>>>> bindings for C++ don¹t seem to handle optional arguments too well (that
>>>> is to say, it seems that optional arguments are not optional).
>>>> Unfortunately, checkAndPut uses an optional argument for value to
>>>> distinguish between the two cases (value must match vs no cell with
>>>> that column qualifier).  Any clues on how to work around that
>>>> difficulty would be welcome.
>>> If you make a patch, we'll commit it Joe.
>> Well, I think the patch really needs to be in Thrift; the only workaround
>> I can see is to restructure the hbase.thrift interface file to avoid
>> having routines with optional arguments.  It seems a shame to break
>> compatibility with existing clients for that, and I am not sure if there
>> is a way to do it without breaking compatibility.  (On the other hand,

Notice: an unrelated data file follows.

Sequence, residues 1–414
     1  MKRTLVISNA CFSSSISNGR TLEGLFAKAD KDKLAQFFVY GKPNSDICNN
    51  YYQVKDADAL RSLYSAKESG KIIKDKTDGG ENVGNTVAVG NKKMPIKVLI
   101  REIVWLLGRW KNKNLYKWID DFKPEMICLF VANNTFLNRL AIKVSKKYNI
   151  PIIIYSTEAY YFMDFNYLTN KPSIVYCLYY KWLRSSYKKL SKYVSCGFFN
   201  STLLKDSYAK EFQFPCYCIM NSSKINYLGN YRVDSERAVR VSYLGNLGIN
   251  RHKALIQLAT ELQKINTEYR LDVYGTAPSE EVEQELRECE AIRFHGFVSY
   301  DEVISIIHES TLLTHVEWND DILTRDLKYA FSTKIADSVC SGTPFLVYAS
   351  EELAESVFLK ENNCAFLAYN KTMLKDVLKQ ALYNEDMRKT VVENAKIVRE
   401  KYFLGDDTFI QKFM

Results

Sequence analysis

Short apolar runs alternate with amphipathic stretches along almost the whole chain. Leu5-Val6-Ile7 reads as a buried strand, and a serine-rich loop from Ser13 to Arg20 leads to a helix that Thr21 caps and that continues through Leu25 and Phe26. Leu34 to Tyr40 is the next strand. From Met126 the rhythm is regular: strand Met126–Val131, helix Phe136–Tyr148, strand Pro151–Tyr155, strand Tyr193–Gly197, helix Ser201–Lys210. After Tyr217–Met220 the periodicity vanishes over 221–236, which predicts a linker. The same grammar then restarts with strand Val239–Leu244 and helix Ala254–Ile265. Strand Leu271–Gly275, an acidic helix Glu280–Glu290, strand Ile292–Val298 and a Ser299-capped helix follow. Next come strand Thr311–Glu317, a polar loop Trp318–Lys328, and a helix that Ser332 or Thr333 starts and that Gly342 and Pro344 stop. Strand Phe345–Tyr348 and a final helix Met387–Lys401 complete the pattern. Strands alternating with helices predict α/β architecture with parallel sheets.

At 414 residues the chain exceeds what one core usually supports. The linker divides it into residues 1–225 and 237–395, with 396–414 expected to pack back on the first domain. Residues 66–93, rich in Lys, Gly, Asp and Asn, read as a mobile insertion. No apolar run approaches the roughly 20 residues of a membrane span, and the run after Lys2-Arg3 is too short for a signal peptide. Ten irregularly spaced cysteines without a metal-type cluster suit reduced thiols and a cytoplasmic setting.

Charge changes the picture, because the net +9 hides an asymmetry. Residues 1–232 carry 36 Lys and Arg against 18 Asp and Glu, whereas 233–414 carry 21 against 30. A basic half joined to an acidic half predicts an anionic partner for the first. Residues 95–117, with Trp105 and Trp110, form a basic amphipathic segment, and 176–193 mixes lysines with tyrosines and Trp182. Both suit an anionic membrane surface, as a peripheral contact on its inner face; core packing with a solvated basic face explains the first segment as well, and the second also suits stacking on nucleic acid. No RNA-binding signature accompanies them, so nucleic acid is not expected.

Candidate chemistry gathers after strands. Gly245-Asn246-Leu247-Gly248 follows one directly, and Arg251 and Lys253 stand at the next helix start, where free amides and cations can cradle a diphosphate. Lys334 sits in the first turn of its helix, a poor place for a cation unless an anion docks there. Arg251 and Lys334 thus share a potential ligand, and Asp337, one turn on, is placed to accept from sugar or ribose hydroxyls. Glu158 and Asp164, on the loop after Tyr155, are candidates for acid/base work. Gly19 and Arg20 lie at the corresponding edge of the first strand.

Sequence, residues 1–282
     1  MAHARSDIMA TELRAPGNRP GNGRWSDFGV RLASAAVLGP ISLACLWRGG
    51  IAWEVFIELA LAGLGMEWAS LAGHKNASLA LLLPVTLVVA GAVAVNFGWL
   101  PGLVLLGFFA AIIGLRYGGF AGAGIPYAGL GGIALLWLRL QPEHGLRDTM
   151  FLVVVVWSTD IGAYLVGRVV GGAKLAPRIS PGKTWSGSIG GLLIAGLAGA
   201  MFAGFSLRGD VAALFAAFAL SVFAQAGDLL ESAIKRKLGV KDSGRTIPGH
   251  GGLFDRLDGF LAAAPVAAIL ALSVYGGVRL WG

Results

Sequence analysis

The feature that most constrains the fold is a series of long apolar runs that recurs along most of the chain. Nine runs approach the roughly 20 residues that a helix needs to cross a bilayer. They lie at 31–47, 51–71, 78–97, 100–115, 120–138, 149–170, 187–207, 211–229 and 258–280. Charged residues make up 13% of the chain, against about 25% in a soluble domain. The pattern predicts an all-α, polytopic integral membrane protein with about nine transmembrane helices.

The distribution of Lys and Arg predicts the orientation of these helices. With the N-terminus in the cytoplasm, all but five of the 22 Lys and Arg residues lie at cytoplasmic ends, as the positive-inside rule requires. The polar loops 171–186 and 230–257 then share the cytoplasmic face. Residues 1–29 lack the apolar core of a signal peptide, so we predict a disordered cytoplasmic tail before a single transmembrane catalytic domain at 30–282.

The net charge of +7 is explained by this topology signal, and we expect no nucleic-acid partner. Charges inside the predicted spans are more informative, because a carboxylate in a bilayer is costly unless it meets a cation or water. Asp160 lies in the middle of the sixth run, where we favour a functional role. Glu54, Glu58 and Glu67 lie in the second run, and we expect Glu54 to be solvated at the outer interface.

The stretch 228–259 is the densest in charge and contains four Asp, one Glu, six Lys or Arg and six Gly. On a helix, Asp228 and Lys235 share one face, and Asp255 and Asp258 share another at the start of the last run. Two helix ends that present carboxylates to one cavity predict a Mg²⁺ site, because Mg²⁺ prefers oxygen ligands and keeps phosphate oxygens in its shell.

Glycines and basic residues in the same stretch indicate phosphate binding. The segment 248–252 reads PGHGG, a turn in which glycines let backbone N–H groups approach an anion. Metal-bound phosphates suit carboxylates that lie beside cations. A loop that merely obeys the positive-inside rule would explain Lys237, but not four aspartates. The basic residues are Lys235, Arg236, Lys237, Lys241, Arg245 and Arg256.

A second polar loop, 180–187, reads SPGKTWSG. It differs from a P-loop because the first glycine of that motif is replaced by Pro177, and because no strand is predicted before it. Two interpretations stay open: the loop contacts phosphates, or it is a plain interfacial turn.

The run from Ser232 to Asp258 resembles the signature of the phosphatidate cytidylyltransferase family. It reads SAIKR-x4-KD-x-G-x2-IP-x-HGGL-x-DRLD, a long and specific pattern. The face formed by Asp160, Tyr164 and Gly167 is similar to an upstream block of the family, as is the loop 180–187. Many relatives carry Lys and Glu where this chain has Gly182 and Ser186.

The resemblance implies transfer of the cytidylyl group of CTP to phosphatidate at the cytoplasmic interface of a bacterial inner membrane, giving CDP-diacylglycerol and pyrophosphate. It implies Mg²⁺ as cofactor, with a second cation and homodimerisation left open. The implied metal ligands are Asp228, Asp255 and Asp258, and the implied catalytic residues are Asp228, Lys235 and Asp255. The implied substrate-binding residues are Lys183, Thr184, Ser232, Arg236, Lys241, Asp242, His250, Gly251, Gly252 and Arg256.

>> we¹re talking about thrift2, so it isn¹t like there are many existing
>> clients.)
>> The state of Thrift documentation is lamentable.  The original white
>> paper is the most detailed information I can find about compatibility
>> rules.  It has enough information to tell me that Thrift doesn¹t support
>> overloading of routine names within a service, because the names are the
>> identifiers used to identify the routines.  I think that means it isn¹t
>> possible to make a compatible change that would only affect the client
>> side.
>>> Have you seen this?
>>> https://github.com/facebook/native-cpp-hbase-client  Would it help?
>> The native client stuff is certainly interesting, but, as near as I can
>> tell, it expects the in-region-server Thrift server, which I would like
>> to give a chance to mature a bit before playing with.  I¹m also puzzled
>> by the hbase.thrift file in that repository.  It seems to be based on the
>> older HBase Thrift interface, but it adds some functions.  I can¹t see
>> how a client could use them, though, since there are no HBase-side
>> patches.
>> Anyone involved with FB¹s native client efforts care to enlighten me?
>> joe